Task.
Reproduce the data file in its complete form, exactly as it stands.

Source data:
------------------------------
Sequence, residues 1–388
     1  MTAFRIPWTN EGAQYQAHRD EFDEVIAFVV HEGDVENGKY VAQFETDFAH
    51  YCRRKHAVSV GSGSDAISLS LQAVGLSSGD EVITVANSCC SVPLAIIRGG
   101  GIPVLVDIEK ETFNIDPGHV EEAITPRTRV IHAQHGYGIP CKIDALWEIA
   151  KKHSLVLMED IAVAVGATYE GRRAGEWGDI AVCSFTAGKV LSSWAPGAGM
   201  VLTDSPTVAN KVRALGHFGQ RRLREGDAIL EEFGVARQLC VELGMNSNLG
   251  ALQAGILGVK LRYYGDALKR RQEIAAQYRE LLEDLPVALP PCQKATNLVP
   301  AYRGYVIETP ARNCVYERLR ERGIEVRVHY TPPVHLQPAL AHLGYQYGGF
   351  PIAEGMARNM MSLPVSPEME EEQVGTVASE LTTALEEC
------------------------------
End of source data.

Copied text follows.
Sequence, residues 1–388
     1  MTAFRIPWTN EGAQYQAHRD EFDEVIAFVV HEGDVENGKY VAQFETDFAH
    51  YCRRKHAVSV GSGSDAISLS LQAVGLSSGD EVITVANSCC SVPLAIIRGG
   101  GIPVLVDIEK ETFNIDPGHV EEAITPRTRV IHAQHGYGIP CKIDALWEIA
   151  KKHSLVLMED IAVAVGATYE GRRAGEWGDI AVCSFTAGKV LSSWAPGAGM
   201  VLTDSPTVAN KVRALGHFGQ RRLREGDAIL EEFGVARQLC VELGMNSNLG
   251  ALQAGILGVK LRYYGDALKR RQEIAAQYRE LLEDLPVALP PCQKATNLVP
   301  AYRGYVIETP ARNCVYERLR ERGIEVRVHY TPPVHLQPAL AHLGYQYGGF
   351  PIAEGMARNM MSLPVSPEME EEQVGTVASE LTTALEEC